November 16: Arrival, directed by Denis Villeneuve. “Realistic alien invasion movie” might sound like an oxymoron, but once you watch the trailer, you realize these guys really mean it.
November 23: Moana, directed by Musker and Clements. A lot of the hype comes from there being a Disney Princess of colour, but I didn’t believe it would actually be good until I saw the trailer.
By far the one I’m looking forward most to is Doctor Strange, since the heavy hitters such as Moonlight, Manchester by the Sea and La La Land are probably not coming out till November.
Neither Hell or High Water nor Kubo and the Two Strings released when they were supposed to last month, so it’s not a good idea to get one’s hopes up. Still, it looks like 2016 might just redeem itself.
Pixar is most people’s favorite animated movie studio (the only competition being Studio Ghibli), and the reason commonly given is that its movies are good not just for children (generally considered animation’s primary demographic), but for all ages. For someone like me, though, someone for whom animation is simply another way of storytelling with no age bounds, it should come as no surprise that Pixar isn’t just my favorite animated movie studio, but my favorite movie studio, period. (Sorry, Marvel, you’ll have to be content with number 2.)
So it’s natural that I’m excited as hell for the newest Pixar movie, The Good Dinosaur, which releases in 3 days (and before you ask “But isn’t it already out?”, let me remind you that I live in a country known as India, the kingdom of eternal lag). And what better way to express my excitement (and frustration) than to rank the first 15 movies by this relentless masterpiece-producing machine? Okay, maybe there are better ways
Let’s start with the lesser Pixars. Do not fear, this land is free of spoilers.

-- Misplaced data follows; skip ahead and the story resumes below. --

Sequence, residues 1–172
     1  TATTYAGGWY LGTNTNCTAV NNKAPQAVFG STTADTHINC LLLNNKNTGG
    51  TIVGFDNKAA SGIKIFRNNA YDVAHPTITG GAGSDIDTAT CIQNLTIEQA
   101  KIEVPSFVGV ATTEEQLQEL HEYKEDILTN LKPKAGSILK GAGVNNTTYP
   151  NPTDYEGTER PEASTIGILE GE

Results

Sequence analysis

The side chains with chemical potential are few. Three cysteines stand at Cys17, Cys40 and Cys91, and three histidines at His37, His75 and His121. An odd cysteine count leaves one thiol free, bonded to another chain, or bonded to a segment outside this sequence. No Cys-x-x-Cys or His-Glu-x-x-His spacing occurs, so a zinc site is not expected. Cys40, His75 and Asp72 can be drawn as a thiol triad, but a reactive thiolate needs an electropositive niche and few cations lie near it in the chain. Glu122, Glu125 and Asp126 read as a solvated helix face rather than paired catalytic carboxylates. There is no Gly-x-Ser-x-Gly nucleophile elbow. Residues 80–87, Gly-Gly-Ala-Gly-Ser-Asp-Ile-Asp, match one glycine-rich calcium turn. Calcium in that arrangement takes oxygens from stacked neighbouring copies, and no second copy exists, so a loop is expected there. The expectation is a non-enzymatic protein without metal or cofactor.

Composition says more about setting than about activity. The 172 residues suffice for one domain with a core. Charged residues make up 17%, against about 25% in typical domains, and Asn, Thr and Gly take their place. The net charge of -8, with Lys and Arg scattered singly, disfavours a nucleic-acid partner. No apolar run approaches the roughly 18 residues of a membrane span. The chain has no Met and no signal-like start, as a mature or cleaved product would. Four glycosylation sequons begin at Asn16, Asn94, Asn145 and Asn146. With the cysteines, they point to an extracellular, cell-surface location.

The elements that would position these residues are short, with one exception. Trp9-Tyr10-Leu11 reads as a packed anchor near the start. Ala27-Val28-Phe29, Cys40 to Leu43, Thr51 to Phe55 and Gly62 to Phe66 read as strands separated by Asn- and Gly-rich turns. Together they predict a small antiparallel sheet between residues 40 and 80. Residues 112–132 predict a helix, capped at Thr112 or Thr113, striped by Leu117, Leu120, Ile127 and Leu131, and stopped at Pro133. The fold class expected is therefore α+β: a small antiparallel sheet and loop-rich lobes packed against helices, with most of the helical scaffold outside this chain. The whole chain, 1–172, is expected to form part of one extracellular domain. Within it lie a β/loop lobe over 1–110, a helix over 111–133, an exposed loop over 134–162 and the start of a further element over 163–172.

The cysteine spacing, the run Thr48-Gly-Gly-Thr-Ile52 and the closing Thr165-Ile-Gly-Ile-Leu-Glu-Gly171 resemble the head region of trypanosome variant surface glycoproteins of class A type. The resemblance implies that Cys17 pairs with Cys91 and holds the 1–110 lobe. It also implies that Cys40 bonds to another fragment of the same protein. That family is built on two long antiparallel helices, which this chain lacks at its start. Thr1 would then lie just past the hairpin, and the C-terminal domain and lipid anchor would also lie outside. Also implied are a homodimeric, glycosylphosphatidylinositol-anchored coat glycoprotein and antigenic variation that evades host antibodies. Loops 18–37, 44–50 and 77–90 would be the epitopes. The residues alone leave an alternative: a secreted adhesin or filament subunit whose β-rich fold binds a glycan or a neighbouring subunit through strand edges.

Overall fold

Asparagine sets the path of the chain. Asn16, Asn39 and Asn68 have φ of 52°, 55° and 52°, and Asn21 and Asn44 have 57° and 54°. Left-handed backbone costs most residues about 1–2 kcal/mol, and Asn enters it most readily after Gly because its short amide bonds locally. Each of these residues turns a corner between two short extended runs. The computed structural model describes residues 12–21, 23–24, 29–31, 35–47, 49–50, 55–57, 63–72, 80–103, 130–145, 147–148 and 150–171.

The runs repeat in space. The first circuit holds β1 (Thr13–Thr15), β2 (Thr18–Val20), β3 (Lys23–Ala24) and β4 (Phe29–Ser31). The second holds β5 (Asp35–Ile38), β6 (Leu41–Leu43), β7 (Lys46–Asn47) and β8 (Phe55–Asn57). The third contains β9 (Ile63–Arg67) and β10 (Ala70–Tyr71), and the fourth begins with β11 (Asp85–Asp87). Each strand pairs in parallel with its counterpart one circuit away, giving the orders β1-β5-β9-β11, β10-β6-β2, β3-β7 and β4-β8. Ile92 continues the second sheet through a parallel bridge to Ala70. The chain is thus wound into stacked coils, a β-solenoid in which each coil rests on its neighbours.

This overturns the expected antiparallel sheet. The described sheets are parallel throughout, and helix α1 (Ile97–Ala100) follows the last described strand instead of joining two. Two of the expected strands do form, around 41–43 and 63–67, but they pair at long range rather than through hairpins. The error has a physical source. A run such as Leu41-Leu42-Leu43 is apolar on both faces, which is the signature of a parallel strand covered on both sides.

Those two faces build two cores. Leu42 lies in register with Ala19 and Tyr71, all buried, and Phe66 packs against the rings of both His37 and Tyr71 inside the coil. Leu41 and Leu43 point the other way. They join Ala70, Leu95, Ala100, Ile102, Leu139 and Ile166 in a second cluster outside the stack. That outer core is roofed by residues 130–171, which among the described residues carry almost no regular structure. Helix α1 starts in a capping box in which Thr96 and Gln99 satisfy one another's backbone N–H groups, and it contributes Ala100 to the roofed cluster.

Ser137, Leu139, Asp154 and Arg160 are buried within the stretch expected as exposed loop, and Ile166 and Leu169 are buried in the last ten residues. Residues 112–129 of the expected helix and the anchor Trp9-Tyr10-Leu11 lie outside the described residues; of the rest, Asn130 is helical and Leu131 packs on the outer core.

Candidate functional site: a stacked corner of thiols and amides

15. Cars 2: Well known for being the only bad Pixar movie, Cars 2 doesn’t exactly fit the heading of The Good, but I really wanted the 3 equal parts distribution, so you’ll just have to deal with it.
Of the 4 recurring Pixar directors, John Lasseter is my least favorite, and this is a big part of the reason why. The reason behind the success of Cars was its mix of warmth and nostalgia, but someone apparently thought that it was the exhilarating car chases, and the same someone also thought that Mater being Cars‘ most beloved character meant that it would be a good idea to have him headline the sequel. Wrong on both counts. The visuals were really the only good thing about this movie.
14. Brave: Now we get to the good movies, though not even close to Pixar’s usual level. Brave is the story of Princess Merida and her relationship with her parents, specifically her mother. There are quite a few things this movie does well. One is Merida herself. She is way more of a complex and independent character than most fairy tale princesses, and I, consequently, like Brave more than most fairy tale movies. Another thing the movie handled well was the relationships between characters. And the action looked fantastic as always. My only real gripe with the movie is, unfortunately, a rather big one. In being a fairy tale, the movie takes a direction that makes it a lot more childish than the first few minutes suggest, and the conclusions to some very well set up threads are handled entirely through metaphors. It just didn’t deliver on its promises.